Say his name: Michael Brown.
Before the explosive global uprising condemning the murder of George Floyd, there was a small town in Missouri that erupted in protest after the Aug 9, 2014 killing of unarmed Black teen Michael Brown Jr. by a white police officer. It was this small town and its people that propelled Black Lives Matter to international prominence and inspired a new global civil rights movement. To understand this present moment, we must understand what happened in Ferguson — enter the Tribeca Audience Award-winning documentary Ferguson Rises.
Directed by Mobolaji Olambiwonnu and produced by David Oyelewo and Jessica Oyelowo, Ferguson Rises opens September 17 at Laemmle Monica in Los Angeles before its national theatrical rollout.
Ferguson Rises dives deep into the aftermath and protests. It also highlights the diverse voices of community members: from residents to police officers, to business owners and those who chose to say “enough is enough” by taking to the streets for a record 400 days straight. These varied perspectives are interwoven with a rarely seen portrayal of a Black father’s grief, to help us understand the human side of this tragedy and to give us an intimate view of what it means to be a Black man in America. Olambiwonnu shows audiences the indomitable nature of the human spirit and how people can take something so tragic and build something beautiful around it.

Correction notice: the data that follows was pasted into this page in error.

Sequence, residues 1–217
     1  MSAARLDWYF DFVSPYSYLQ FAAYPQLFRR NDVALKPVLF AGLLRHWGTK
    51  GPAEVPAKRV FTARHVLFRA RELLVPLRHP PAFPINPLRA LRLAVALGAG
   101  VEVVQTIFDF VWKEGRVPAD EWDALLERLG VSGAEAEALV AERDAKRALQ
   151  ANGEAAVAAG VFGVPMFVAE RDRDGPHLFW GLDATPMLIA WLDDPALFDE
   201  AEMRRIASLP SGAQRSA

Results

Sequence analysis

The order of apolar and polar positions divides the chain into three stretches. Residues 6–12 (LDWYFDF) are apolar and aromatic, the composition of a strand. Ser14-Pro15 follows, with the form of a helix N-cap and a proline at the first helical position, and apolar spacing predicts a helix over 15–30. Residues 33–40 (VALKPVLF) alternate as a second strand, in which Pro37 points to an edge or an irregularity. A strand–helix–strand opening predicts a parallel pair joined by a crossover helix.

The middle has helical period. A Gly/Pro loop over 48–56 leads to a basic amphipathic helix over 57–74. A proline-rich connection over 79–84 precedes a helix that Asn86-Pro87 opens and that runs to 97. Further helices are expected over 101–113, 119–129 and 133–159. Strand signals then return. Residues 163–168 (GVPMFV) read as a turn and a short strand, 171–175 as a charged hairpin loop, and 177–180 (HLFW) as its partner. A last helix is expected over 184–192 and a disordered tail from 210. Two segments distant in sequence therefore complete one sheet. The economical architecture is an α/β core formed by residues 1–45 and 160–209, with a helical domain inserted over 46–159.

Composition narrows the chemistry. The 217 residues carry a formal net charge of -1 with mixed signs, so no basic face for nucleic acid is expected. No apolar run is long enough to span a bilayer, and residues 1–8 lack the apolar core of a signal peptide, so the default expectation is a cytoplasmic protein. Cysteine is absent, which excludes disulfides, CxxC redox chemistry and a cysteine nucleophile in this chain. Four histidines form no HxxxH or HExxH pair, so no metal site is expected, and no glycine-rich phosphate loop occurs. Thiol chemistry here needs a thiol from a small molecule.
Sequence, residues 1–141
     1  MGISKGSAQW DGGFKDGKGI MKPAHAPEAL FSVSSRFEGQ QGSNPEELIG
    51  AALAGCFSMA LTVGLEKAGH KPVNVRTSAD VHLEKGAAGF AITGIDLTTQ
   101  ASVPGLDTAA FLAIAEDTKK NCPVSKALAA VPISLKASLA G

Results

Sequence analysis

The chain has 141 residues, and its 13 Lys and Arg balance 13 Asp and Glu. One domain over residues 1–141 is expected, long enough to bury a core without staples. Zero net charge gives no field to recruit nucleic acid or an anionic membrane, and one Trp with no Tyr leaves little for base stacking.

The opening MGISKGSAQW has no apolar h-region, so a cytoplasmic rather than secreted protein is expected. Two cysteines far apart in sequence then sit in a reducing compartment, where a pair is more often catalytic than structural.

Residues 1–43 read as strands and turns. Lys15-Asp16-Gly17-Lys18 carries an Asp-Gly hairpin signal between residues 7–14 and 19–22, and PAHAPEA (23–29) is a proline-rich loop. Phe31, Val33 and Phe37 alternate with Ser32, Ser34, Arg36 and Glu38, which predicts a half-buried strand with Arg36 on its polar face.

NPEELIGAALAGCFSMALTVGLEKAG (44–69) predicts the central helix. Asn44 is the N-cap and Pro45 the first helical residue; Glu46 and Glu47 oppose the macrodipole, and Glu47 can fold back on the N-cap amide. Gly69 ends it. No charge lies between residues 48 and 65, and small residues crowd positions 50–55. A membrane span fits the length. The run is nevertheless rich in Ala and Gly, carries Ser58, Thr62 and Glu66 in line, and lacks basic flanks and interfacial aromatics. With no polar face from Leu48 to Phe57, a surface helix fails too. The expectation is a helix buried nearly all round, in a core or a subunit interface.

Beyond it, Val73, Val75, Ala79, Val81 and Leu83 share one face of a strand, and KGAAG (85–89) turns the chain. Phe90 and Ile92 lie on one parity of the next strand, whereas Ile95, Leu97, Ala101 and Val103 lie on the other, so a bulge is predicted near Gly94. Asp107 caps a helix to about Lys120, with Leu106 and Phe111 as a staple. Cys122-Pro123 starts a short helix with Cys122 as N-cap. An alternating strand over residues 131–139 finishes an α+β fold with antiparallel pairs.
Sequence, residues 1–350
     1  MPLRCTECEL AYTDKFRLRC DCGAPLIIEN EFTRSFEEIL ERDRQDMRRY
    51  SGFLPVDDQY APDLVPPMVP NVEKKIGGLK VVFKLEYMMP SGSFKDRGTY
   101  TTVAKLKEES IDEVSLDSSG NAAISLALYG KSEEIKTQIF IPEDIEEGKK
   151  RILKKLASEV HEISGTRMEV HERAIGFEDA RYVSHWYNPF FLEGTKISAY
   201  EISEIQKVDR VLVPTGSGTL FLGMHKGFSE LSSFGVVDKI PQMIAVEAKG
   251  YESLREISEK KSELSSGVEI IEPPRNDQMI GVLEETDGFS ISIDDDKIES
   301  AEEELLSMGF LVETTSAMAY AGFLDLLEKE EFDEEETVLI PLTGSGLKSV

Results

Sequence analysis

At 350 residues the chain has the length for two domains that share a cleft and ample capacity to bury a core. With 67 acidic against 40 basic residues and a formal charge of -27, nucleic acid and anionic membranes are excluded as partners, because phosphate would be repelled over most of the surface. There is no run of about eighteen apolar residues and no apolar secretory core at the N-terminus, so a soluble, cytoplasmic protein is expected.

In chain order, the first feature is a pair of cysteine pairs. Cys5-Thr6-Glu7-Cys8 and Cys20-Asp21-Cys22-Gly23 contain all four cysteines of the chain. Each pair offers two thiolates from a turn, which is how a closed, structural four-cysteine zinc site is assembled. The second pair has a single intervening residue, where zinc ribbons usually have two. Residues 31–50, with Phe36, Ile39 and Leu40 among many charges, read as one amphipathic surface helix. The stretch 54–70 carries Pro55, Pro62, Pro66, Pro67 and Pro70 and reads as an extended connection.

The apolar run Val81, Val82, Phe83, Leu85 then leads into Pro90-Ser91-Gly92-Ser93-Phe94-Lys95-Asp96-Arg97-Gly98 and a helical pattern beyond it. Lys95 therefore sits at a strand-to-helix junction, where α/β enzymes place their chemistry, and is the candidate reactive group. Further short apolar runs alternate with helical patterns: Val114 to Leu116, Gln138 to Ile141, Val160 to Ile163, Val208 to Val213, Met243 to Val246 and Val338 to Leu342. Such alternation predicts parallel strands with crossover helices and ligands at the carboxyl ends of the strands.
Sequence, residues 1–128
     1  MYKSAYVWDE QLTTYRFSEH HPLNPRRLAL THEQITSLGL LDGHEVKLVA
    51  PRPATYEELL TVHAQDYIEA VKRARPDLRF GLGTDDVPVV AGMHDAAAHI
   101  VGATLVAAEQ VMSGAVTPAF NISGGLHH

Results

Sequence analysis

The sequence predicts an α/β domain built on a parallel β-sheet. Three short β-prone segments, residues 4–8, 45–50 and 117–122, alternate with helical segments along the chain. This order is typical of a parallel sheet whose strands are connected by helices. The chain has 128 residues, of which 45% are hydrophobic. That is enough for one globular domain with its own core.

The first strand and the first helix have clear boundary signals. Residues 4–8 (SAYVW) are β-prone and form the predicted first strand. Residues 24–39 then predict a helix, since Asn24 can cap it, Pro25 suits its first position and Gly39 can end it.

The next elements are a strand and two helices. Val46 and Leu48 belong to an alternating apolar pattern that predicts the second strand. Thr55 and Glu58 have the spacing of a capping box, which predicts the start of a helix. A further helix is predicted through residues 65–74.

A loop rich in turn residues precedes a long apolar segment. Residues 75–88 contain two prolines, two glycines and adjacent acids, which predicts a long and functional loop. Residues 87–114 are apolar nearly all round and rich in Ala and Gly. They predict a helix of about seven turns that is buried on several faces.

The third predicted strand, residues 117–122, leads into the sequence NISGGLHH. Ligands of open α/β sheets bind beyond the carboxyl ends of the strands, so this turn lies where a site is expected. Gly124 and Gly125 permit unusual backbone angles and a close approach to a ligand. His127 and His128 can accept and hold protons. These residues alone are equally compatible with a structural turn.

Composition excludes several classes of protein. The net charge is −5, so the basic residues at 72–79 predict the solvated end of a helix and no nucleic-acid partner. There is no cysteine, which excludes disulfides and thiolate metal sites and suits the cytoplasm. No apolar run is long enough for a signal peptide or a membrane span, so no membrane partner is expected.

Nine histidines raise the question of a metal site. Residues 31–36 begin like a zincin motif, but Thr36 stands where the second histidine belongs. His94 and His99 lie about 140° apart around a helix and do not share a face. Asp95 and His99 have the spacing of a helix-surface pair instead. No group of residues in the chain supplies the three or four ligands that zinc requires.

The docu is ultimately about empathy. We sit with a grieving father, with police officers, with community members who are outraged at this murder and with community members who are angry at protesters. We see that they are all human, and ultimately, they are capable of growth and healing, and that we may have something to learn from them.
Ferguson Rises is executive produced by Sandra Evers-Manly, Oscar winning director TJ Martin, Gigi Pritzker, Kai Bowe, and RZA
Watch the trailer above.